If you’ve come this far with me in this little series, you may as well go the whole way. No, this one can’t be done with your usual supermarket ingredients. You are going to have to make a trip to the Asian supermarket. But, before you throw your hands in the air and mutter something that demeans your spirit, take my word for it, the journey will be worth it. This is probably the most famous dish from the Szechuan region, a provence famed for it’s fiery food. The bad news is that it is very, very (extremely very) hot. The good news is that it is really easy to prepare. The bonus is hot or not, it is delicious.
I’m not a big fan of pork fillet. Traditionally, here in Ireland, it would be prepared by slicing it open and pounding it flat with a mallet or rolling-pin. Then it would be filled with a breadcrumb based stuffing, wrapped up and roasted for about an hour longer than needed. The result was always dry, flavourless and, strangely, prized at dinner parties.
The inspiration for this post in my mini series came when I overheard a conversation last week between two chaps in a Dun Laoghaire bar. Some snippets of their collective Chinese cookery wisdom; “They make it tasty by adding MSG. That stuff is really bad for you, full of lard.” “It makes you real hungry”. “There’s always loads of salt in the curry.” “The one in XXXX got closed down for serving seagull.” So went the assassination of the centuries old culinary traditions of one point four billion people.
This is the second in my mini series dedicated to showing some really easy and extremely tasty Chinese inspired dishes. But, before we get into that, I have a bit of a problem. A few years ago, one of the media statisticians in our business was presented with a list of numbers and a simple question; Which is the odd one out?
Being a bit of a boffin (no relation) he got to thinking about the problem. He opened a spreadsheet and got to work…
I am lucky enough to have a number of friends who hail from China. One of their number (who shall remain nameless for fear of my causing any embarrassment) went back to her home city to visit a sick relative. Knowing of my love for Oriental cookery, she brought me back a knife. I thought I should celebrate by starting a small series on Chinese inspired dishes.
One of my favourite foods is tempura. It is easy to do as long as one gets the batter right and the oil temperature just so. Easy IT IS NOT! It’s like saying juggling Samurai swords is simple as long as you don’t lose your concentration or your hands.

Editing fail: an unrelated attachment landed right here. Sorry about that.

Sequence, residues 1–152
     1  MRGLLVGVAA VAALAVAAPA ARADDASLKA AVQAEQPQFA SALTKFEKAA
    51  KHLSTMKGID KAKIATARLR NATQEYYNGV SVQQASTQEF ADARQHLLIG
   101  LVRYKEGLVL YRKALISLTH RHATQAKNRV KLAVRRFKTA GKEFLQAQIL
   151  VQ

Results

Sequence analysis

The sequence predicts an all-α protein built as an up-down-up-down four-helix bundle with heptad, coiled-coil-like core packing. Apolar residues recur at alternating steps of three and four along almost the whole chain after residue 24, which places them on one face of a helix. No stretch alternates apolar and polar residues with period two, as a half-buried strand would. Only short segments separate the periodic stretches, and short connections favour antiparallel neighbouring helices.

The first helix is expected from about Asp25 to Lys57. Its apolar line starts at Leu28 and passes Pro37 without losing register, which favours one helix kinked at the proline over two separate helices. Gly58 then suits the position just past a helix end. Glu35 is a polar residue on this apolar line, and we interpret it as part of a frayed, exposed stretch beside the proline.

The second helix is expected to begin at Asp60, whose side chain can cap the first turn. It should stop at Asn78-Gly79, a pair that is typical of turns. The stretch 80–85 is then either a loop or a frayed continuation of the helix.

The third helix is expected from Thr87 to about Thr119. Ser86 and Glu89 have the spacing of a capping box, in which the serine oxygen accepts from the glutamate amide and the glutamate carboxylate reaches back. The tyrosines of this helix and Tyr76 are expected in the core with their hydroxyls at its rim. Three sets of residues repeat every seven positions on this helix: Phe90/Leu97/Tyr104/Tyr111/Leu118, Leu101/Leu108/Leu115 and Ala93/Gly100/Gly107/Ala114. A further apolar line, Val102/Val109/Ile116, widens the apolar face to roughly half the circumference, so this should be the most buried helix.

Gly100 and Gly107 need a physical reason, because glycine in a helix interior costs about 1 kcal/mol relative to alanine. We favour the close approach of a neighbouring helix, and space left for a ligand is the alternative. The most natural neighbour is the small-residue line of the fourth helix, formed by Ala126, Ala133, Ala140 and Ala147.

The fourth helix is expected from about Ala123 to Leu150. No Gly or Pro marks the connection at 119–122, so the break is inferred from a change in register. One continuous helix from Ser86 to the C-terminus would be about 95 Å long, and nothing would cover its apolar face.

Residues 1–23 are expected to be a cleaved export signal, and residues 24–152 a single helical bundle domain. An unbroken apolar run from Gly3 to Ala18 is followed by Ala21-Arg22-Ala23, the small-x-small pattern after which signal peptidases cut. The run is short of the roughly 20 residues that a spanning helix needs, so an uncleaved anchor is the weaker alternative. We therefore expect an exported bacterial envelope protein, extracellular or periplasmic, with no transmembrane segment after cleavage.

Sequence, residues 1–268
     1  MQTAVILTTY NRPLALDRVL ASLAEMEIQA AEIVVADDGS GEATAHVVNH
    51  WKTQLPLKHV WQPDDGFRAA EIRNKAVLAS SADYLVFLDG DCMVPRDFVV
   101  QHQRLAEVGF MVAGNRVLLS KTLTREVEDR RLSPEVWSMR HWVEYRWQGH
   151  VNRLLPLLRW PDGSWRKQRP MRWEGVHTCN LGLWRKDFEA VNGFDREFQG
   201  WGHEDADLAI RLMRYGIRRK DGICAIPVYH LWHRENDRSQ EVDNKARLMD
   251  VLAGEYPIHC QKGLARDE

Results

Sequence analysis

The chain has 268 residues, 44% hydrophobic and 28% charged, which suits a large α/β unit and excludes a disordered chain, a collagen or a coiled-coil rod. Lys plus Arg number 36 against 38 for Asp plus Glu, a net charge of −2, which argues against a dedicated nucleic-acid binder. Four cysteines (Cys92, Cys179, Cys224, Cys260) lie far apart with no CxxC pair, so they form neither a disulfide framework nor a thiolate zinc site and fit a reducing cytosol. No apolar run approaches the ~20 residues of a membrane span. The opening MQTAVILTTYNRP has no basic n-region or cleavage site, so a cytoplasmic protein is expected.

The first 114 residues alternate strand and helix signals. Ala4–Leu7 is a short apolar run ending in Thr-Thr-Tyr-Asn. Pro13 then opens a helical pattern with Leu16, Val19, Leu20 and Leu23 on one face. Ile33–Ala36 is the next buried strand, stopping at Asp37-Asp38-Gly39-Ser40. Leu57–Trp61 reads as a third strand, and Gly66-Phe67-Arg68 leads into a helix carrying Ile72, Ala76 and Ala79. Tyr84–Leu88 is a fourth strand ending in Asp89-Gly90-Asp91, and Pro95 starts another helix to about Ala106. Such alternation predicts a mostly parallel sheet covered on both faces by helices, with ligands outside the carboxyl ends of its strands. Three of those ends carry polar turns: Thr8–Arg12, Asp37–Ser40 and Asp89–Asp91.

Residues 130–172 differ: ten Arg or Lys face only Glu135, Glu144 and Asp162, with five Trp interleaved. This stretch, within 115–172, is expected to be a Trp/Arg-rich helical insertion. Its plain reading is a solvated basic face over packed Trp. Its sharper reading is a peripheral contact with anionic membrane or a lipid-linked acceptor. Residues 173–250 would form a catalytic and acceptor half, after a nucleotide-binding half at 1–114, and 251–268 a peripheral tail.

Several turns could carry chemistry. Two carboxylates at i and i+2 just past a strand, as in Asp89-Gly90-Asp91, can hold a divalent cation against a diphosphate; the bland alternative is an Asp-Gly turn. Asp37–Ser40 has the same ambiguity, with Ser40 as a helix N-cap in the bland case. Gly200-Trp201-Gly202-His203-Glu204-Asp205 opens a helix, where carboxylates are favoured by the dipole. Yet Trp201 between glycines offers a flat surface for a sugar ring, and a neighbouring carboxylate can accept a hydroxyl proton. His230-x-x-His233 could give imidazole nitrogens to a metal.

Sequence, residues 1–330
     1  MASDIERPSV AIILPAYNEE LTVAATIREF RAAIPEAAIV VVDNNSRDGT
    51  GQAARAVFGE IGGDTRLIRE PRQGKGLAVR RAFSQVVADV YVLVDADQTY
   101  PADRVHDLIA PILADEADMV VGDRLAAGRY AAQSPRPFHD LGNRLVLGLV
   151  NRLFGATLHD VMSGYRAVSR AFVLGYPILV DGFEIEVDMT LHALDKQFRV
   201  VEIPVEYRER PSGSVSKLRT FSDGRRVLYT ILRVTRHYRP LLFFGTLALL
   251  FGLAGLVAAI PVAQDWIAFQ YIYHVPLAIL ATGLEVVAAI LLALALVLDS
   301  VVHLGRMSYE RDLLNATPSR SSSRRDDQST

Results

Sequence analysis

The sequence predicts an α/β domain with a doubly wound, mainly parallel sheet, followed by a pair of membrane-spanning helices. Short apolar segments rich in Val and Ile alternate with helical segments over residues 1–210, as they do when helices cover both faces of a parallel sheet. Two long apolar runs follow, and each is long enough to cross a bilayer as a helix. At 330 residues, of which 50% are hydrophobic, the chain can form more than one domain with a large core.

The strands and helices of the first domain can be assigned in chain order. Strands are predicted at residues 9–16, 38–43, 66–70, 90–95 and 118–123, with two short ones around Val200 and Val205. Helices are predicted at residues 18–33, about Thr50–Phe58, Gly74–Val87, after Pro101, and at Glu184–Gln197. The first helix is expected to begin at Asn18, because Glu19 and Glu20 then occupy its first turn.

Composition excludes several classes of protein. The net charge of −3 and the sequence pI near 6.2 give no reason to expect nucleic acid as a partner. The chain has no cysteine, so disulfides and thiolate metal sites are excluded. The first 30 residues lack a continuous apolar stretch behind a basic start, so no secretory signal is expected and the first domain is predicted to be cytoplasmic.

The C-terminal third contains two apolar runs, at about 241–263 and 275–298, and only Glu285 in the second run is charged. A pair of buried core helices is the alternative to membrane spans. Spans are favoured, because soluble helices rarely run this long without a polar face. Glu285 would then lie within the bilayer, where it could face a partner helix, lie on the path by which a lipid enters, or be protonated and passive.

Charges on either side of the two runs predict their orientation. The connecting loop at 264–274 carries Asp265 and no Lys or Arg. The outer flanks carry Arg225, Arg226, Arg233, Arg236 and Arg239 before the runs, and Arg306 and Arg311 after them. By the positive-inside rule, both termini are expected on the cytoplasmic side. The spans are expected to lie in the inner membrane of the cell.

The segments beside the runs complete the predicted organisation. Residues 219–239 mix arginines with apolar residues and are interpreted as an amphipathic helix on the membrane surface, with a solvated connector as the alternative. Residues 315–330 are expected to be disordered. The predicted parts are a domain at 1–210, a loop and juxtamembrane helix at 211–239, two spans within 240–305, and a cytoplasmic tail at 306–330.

Do you guys think I’m doing this for my own amusement? I have to tell you I am not impressed. I spend the early part of the week cogitating “What would they like to see?” “What would be good enough to share with them?” “I’ll need to buy another couple of plates, they are probably bored with these ones…” The thought process goes on. The angst builds until I finally settle on cooking something that I am convinced will win you over. The latter part of the week is spent ensuring I have the best and the freshest ingredients. Saturday, I check my camera gear. Tension in the household mounts. On Saturday evening or possibly Sunday, I take control of the kitchen and cook and photograph for you. Then I process the pictures and try to think of something to say.
This is part one in a two-part series that I have decided to run. Those of you of a more mature vintage will remember David Carradine in the 1970s TV series Kung Fu. You will remember the slow pace of things and the blind master imparting pearls of wisdom to his understudy Carradine. The younger amongst you will now be thinking about Kung Fu Panda and feeling warm and excited about the cuddly characters. I find that very sad. If you fall into the ‘more recent vintage category you need to play this to gain true enlightenment for reading this post.
“God, Conor you’re very funny. I was reading that post you did about, what was it? last night. How do you come up with your ideas for the blog. It’s about food isn’t it? That one last week, what was it? God, it was so funny. How do you think of the things you say, like, eh, eh, eh. What was it about again? You know the one you did. It was so funny… God, yeah, etc. etc. etc ad nauseam.”
I’m not a big man. I stand about 5′ 8″ in my socks (not a sight you would want to see). When I married the Wife a good few years ago, I was smart enough to be sure that I married somebody smaller than me. That way, she would represent no physical danger. As I have matured over the years, I realise that there are more ways to be threatened by the Wife than with simple physical violence.